International Investing Opportunities

Many U.S. investors stick with stock portfolios because that's natural; because they feel comfortable investing in a company they know something about. However, investing in foreign stocks holds potential to diversify your portfolio. This is a way to take advantage of growth opportunities overseas.

About The Speakers

Fall Ainina, Ph.D., CFA
Deputy Director of Research / Vice President
Investment Committee Member

Neil Craft
Client Relationship Manager

Neil Craft: Hello and welcome to the James Market Clarity podcast. I'm your host Neil Craft. Today on episode five, I'm joined by Dr. Fall Ainina. Fall, how are you today? Fine. How are you Neil? I'm doing well. It's a pleasure to have you here today. I'm excited for this episode as we'll talk about the international landscape. Dr. Fall Ainina has obtained his MBA from Ball State, his Ph.D. from Arizona State and is a Chartered Financial Analyst. So, Fall as we move forward with this pandemic, I think it's may be easy to dwell or, or focus on the things that are nearest to us. So we'll start in the U.S., what are the case numbers? What states are open or getting ready to open and, and how is our GDP recovering?
Dr. Fall Ainina: Thank you, Neil.
In the U.S. we have over 29 million cases and 525 thousand deaths. Globally, we have 117 million cases and two and a half million deaths in the U.S. A lot of states are lifting the stay at home orders. They are reopening the businesses and the relaxing social distancing measures. For example, Texas is ending the statewide mask mandate.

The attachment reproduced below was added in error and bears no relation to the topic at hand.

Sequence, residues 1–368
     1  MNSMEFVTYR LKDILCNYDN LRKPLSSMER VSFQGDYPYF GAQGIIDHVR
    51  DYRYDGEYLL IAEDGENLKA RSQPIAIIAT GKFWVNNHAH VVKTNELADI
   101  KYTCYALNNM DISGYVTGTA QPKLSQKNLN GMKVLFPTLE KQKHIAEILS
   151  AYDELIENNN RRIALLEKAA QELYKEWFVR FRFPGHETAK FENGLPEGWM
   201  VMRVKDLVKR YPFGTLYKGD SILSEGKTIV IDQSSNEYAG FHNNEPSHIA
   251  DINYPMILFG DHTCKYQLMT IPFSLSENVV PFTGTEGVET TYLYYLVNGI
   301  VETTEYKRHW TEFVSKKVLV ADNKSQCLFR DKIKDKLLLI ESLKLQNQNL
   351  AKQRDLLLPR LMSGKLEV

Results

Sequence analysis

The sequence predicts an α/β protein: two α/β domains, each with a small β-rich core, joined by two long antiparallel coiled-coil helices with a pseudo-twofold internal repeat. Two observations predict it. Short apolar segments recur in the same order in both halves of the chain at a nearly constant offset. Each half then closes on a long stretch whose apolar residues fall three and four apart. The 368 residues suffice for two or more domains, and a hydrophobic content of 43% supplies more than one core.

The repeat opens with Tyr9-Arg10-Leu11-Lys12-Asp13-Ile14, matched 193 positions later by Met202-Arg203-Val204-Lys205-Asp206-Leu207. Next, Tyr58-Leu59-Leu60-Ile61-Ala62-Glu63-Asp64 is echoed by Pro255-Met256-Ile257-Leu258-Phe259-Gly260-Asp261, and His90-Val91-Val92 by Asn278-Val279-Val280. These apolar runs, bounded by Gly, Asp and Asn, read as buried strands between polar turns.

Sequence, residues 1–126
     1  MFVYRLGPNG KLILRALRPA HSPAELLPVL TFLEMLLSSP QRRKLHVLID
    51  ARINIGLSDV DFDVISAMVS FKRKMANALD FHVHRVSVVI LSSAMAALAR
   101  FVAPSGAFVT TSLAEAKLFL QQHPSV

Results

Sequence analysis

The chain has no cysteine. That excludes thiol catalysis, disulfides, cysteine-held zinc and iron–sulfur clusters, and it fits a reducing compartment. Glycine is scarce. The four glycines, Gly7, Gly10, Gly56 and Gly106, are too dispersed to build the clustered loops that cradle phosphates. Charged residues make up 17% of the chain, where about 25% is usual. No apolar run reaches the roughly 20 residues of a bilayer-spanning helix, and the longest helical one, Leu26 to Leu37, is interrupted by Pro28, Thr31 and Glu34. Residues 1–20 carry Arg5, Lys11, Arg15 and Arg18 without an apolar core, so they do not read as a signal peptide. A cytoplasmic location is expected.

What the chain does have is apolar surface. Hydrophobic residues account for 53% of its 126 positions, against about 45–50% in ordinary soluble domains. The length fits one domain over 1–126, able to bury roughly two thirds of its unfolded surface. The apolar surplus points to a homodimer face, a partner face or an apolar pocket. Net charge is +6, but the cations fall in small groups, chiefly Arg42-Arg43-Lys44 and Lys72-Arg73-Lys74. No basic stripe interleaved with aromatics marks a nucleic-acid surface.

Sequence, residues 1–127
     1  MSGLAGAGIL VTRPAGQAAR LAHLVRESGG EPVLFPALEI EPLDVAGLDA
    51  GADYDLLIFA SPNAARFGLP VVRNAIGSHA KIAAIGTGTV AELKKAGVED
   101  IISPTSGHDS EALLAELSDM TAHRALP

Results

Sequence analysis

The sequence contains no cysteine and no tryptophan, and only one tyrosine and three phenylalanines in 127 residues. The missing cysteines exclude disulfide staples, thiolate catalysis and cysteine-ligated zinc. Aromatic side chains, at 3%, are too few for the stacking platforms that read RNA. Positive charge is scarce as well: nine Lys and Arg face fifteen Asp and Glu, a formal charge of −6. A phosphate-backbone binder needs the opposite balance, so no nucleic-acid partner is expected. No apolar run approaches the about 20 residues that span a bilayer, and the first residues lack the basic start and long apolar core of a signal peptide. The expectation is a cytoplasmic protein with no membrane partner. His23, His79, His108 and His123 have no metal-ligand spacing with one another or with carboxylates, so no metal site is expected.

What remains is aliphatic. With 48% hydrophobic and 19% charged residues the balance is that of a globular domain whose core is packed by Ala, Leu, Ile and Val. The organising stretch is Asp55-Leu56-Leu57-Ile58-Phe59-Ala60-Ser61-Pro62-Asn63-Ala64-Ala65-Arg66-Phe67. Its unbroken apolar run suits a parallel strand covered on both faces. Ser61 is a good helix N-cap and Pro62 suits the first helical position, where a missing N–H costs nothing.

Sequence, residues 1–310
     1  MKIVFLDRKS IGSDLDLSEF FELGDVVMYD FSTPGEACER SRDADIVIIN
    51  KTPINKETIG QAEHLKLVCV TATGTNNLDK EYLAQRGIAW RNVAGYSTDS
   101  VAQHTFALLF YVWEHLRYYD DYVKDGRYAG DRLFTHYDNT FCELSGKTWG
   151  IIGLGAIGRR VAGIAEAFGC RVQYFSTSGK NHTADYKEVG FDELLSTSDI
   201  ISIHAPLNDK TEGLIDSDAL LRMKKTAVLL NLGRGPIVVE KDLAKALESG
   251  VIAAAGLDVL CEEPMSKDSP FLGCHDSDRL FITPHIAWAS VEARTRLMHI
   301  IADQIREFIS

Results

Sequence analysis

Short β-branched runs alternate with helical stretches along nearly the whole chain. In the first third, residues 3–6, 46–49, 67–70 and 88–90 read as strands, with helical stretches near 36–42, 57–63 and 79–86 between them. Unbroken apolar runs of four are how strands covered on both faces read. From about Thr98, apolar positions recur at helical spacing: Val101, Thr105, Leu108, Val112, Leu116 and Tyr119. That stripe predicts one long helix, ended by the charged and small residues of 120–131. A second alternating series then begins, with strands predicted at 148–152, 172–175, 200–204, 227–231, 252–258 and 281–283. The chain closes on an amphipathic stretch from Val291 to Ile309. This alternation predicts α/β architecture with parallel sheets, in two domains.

States like Florida and South Dakota had been open for a while, and I think because of the vaccine, a lot more states are opening up. Economic growth in the first quarter is expected to rebound. Economists are projecting 10% growth in GDP, which is one of the highest numbers. That's because of government spending and federal reserve easy monetary policy.
Neil Craft: Excellent. Well, thank you for that update. Now let's shift our lens towards the global landscape. How does the recovery look from that standpoint?
Dr. Fall Ainina: Well, economic activity picked up in all major economies in February, but they remained short of the end of the 2020 level.
Internationally the countries that are doing well are the U.S., China, Spain and Israel, and also activities began up in UK and Canada. The global economic collapse into 2020 has been slightly less severe than previously projected, and economies like in China are recovering really fast. Also a disruption of activity in the other major emerging market was less unexpected.
Neil Craft: Okay, well, looking ahead here at the remainder of this year and into 2021, are there any regional economies or even specific countries where we see good opportunities? I know you've mentioned China now a couple of times.
Dr. Fall Ainina: Yeah. China, because China just became the first country to grow with the economy after COVID-19, and the global economy is expected to grow around 4%.